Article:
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Love-love: ‘Fly high if you feel like flying’

Meet Love-love, here as part of #KaraniwangLGBT, which Outrage Magazine launched to offer vignettes of LGBT people/living. There was a time when she couldn’t identify with being trans because she thought the term referred to people who underwent gender confirmation surgery. Her way of thinking evolved not so much with being informed (since many in her circle still believe this), as much as not caring anymore. “Dili malikayan nga muatubang ta sa discrimination, so keri ra. Lupad kung gusto mulupad (We can’t avoid facing discrimination, so it’s okay. Fly when you feel like flying).”

This is part of #KaraniwangLGBT, which Outrage Magazine officially launched on July 26, 2015 to offer vignettes of LGBT people/living, particularly in the Philippines, to give so-called “everyday people” – in this case, the common LGBT people – that chance to share their stories.
As Outrage Magazine editor Michael David C. Tan says: “All our stories are valid – not just the stories of the ‘big shots’. And it’s high time we start telling all our stories.”

“Call me ‘Love-love’,” Clent Axel Arena said, adding that her nickname used to be “Lablab”, but the former is “mas sosyal (classier).” She still uses – and gives out – the name assigned her at birth; but she said she now also likes using her “angga (nickname).”

Now 24, “nisugod ko mag-ingun-ani sa elementary; hilig jud ko mag-binabaye (I started living like this when I was in primary school; I desired to be a woman).” She was lucky since “supportive ako family.” So supportive in fact that “naa ko freedom kung kanus-a ko mulupad (I have the freedom to decide when I want to go wherever).”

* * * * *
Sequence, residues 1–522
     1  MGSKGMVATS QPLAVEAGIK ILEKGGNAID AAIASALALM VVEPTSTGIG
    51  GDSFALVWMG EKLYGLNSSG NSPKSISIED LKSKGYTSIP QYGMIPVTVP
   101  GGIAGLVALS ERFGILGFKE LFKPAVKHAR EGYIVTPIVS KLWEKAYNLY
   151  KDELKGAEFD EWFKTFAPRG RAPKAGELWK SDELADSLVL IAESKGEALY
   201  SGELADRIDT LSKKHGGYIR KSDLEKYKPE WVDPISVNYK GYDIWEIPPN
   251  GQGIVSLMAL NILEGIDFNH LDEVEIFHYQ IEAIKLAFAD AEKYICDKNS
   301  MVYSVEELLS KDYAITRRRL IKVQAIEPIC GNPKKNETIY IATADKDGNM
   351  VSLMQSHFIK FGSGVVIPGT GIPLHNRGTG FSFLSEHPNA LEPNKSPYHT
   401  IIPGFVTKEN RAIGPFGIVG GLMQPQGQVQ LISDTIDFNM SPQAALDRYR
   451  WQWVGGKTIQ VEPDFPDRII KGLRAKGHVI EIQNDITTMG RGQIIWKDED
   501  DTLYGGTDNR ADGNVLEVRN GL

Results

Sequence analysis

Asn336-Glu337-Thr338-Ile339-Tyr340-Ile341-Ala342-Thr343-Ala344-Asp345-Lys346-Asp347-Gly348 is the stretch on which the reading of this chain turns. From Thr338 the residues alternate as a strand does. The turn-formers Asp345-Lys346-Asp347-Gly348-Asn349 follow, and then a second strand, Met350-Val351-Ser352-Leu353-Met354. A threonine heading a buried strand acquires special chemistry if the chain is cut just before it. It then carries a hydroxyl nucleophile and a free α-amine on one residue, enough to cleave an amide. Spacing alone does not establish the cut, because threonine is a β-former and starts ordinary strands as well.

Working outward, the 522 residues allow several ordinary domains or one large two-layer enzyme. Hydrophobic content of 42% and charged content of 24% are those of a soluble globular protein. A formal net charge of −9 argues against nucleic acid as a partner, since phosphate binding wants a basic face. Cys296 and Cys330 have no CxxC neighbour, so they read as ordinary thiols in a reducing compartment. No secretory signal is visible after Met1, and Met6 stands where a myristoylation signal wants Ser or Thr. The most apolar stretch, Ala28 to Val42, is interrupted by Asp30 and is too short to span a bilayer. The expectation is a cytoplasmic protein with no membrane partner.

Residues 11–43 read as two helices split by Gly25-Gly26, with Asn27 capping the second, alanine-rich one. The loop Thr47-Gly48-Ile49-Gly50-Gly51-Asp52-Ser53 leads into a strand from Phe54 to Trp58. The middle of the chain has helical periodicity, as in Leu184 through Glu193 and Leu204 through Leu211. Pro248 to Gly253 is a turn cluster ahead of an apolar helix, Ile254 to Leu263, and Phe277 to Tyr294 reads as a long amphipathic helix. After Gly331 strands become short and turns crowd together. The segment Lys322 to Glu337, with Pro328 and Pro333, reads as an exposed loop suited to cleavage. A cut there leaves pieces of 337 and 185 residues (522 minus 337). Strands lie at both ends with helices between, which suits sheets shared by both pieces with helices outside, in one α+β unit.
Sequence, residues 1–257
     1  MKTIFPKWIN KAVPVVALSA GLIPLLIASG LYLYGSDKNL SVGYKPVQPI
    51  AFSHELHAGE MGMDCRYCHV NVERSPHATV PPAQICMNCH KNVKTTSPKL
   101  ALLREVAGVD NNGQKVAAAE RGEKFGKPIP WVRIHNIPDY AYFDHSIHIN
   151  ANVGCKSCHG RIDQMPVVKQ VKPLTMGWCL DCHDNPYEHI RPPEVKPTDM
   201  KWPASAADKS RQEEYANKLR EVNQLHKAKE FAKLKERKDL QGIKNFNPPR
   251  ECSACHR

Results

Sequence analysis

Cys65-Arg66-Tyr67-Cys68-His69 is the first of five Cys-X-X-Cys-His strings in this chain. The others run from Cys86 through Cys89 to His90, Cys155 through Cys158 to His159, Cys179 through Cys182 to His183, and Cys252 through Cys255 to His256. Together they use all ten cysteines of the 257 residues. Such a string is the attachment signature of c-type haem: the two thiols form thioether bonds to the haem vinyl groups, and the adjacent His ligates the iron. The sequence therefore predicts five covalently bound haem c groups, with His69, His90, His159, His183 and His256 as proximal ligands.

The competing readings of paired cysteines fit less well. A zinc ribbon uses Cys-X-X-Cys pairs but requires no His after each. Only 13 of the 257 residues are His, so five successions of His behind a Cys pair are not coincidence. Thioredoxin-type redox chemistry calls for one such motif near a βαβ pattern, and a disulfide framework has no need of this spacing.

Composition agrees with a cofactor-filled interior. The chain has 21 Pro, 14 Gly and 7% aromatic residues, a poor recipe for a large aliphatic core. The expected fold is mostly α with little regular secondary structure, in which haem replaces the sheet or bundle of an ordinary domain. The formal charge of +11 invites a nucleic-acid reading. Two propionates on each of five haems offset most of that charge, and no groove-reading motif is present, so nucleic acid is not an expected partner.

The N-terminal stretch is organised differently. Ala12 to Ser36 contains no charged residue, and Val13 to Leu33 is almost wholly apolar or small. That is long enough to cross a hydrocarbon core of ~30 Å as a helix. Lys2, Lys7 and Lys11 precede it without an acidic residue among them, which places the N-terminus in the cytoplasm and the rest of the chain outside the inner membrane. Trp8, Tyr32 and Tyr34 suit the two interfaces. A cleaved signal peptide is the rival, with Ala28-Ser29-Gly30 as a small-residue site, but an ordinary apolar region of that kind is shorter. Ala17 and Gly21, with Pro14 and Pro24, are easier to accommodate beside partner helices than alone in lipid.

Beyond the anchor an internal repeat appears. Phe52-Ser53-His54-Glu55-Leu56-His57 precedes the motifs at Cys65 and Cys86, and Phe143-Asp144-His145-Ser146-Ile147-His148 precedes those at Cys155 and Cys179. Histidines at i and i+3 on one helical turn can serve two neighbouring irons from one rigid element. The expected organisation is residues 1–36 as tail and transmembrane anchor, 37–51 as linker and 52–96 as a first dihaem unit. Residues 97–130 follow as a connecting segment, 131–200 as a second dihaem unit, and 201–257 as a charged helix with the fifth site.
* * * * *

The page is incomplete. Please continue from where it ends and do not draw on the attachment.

Love-love is now in a long distance relationship; they’ve been going at it for 10 months now. “Nasa Zamboanga siya (He’s in Zamboanga).” This freedom is good for her since it allows her to also find herself, she said.

Despite having an anti-discrimination ordinance, Cebu City is infamous for the anti-trans occurrences in the city (e.g. being barred from establishments). So Love-love was asked if being trans in Cebu is hard(er) for her. “Dili (No),” she said. In fact, “mas kakita ko more opportunities as trans (I have been able to find more opportunities as a trans woman).”

But there was a time when she couldn’t identify with being trans. “Sauna, abi ko ang trans, kanang complete na (In the past, I thought being trans meant being ‘complete’ – i.e. underwent gender confirmation surgery),” she said. With this notion, “huna-huna ko, layo na kaayo sila. Wala pa ko nahimo, so dili ko puwede tawgon trans (in my mind, trans people have already attained much/reached far. I haven’t achieved a lot so I thought I couldn’t call myself trans).”

Her way of thinking evolved not so much with being informed (since many in her circle still believe this), as much as not caring anymore.

And this is a lesson she said she hopes others will also learn.

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Lugwa sila kung gusto sila mulugwa (Soar when you want to soar),” she said. “Dili malikayan nga muatubang ta sa discrimination, so keri ra. Lupad kung gusto mulupad (We can’t avoid facing discrimination, so it’s okay. Fly when you feel like flying).”

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